For example, insisting that all requests for housing repairs are passed to a manager for assessment and approval may seem to be a good cost control idea, however – as a number of Housing Associations have come to realise – there are hidden costs to bureaucracy and close scrutiny can be greater than the cost of many minor repairs.

If bureaucratic delays result in formal complaints or disputes then costs increase and the time of senior management is eaten into.

Some housing associations have started to give front line staff direct access to budgets to authorise payment for repairs. Not only has the overall repair budget not risen, but the benefits – of engaged and committed staff who feel they can really make a timely difference and be helpful, and more satisfied clients – have been a real bonus to organisational culture and reputation.

3. What behaviour do you want, and what behaviour do you reward?

As time goes by, perverse incentives can creep into organisational life. As people make changes, launch initiatives or develop projects, there can be a misalignment between desired behaviour and behaviour rewarded by the contingences of the system.

An example I frequently come across concerns sales people. Rewards based on an individual’s sales is an established and effective motivational system for many sales staff.

However, it is not uncommon for an organisation to realise at some point that they are missing out on opportunities for cross-selling, either across products or between areas. They introduce a load of cross-product training and encourage people to try to sell other products, or introduce their colleagues to their clients.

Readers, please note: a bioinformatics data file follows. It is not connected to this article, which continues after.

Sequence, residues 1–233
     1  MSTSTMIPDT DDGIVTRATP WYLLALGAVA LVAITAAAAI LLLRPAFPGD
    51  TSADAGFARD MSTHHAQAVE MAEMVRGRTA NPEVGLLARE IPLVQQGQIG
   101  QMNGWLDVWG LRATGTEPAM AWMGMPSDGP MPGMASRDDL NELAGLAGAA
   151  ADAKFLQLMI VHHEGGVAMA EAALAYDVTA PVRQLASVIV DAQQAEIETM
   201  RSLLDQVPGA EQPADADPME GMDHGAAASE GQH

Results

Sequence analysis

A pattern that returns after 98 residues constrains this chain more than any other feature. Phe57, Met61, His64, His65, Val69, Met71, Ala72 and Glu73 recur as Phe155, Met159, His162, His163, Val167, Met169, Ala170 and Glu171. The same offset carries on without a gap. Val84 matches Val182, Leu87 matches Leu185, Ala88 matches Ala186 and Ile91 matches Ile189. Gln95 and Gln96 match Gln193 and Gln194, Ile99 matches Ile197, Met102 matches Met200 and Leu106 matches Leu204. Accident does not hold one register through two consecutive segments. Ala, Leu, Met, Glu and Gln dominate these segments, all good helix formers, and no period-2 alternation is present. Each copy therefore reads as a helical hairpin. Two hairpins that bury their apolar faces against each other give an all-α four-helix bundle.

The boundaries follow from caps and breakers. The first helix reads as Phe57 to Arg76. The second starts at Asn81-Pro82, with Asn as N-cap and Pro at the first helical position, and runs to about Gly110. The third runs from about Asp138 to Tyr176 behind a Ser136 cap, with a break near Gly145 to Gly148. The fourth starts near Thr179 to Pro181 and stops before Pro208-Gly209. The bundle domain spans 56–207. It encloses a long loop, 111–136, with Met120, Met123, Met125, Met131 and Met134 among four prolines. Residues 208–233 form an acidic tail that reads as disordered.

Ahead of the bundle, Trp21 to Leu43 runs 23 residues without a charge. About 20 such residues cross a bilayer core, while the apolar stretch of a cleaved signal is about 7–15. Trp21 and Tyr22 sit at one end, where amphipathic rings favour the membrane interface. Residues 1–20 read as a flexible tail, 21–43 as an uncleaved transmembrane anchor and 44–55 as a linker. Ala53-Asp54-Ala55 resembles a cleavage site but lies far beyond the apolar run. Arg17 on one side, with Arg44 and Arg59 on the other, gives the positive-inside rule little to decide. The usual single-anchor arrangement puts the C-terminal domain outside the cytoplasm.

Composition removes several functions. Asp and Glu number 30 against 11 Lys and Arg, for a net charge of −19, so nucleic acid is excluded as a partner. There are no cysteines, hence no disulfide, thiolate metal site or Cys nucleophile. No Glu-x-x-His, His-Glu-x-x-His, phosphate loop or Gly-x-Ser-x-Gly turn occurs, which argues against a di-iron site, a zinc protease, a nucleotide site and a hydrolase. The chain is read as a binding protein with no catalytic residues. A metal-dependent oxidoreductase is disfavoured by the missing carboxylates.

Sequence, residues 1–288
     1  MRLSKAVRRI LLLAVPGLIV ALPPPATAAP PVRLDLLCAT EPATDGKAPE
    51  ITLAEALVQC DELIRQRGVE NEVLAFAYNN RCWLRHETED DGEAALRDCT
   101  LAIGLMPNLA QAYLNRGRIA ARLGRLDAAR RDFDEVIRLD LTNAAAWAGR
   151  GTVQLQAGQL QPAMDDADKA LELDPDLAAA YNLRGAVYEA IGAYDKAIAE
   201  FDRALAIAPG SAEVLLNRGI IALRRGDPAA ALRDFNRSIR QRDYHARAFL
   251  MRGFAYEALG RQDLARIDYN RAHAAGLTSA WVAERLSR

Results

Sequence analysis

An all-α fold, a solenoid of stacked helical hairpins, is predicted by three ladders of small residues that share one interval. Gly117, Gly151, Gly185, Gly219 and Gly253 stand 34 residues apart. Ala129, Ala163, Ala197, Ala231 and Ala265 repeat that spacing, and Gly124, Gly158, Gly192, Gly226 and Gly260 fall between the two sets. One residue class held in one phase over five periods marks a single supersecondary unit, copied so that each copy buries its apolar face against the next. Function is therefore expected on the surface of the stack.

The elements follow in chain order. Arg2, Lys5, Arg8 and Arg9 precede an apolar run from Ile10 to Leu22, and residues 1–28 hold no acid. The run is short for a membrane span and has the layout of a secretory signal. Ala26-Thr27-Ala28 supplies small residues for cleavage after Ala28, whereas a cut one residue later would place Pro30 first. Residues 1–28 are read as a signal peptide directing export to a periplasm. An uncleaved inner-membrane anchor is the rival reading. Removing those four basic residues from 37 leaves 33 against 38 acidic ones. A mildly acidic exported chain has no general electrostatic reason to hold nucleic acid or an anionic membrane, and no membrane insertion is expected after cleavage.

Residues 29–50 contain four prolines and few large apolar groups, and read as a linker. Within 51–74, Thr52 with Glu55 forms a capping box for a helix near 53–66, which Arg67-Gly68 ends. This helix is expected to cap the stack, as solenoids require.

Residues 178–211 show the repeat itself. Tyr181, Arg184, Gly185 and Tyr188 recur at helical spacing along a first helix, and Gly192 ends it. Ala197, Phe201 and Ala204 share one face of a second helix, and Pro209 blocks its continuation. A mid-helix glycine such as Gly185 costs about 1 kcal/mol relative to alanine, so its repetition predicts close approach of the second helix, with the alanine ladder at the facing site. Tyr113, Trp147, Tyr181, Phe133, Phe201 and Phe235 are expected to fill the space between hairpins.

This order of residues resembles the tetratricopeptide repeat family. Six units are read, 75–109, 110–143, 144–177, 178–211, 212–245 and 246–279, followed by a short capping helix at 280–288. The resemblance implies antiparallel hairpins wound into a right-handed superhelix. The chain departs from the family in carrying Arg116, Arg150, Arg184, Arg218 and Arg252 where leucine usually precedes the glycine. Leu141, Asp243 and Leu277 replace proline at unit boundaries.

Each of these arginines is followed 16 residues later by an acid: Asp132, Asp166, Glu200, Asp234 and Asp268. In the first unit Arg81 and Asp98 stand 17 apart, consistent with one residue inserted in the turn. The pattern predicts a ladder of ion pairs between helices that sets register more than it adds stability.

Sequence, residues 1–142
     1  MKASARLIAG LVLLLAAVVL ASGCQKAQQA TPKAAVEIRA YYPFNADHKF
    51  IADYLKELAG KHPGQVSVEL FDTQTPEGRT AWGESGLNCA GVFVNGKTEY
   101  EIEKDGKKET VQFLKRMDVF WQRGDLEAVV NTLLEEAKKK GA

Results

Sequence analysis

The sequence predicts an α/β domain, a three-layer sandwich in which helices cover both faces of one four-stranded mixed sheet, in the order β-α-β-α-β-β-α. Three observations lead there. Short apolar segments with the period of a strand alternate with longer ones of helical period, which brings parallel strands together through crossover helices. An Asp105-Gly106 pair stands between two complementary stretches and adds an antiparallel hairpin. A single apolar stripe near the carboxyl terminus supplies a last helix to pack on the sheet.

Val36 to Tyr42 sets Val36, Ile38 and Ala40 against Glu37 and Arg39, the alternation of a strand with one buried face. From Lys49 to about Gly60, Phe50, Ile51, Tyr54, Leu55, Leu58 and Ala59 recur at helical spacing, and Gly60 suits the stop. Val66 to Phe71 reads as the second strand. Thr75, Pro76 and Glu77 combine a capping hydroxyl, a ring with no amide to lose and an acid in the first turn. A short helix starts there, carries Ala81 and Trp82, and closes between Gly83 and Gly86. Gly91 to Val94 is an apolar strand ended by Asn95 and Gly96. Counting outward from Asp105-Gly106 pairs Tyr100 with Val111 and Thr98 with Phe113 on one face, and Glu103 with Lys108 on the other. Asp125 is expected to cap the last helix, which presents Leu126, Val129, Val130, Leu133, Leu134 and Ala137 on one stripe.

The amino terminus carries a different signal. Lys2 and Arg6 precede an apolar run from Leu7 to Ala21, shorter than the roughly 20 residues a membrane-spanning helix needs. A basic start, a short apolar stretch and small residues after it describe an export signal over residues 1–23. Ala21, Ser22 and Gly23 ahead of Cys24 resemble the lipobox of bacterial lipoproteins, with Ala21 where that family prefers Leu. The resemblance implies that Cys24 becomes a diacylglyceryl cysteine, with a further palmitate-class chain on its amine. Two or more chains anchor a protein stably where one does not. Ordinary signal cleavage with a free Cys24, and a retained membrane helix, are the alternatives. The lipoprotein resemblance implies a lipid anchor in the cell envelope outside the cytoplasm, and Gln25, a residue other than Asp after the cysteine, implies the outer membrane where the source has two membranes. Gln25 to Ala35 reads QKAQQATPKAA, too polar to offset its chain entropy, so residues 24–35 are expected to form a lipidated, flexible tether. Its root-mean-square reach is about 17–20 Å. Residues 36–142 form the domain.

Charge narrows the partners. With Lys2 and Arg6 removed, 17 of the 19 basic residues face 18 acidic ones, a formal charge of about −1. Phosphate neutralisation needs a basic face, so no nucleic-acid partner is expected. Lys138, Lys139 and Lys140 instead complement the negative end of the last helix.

To spend time doing this, if the reward system hasn’t changed, is perverse since it lessens the time available for selling more of the thing you do get rewarded for. So there is a perverse incentive in the system not to spend time cross-selling.

4. How can you help people spend less time doing things they don’t like, and more time doing things they enjoy?

The high cost of trying to get people to do things they have no aptitude for is not always apparent. When people have little aptitude for an aspect of their role, hours of management time can be devoted to boosting skills to little avail.

In other words, the return on investment can be negligible. Additionally, even the most conscientious of us are drawn towards putting off those parts of a task we dread, while the less driven find endless ways not to be in a position to do the loathed deed.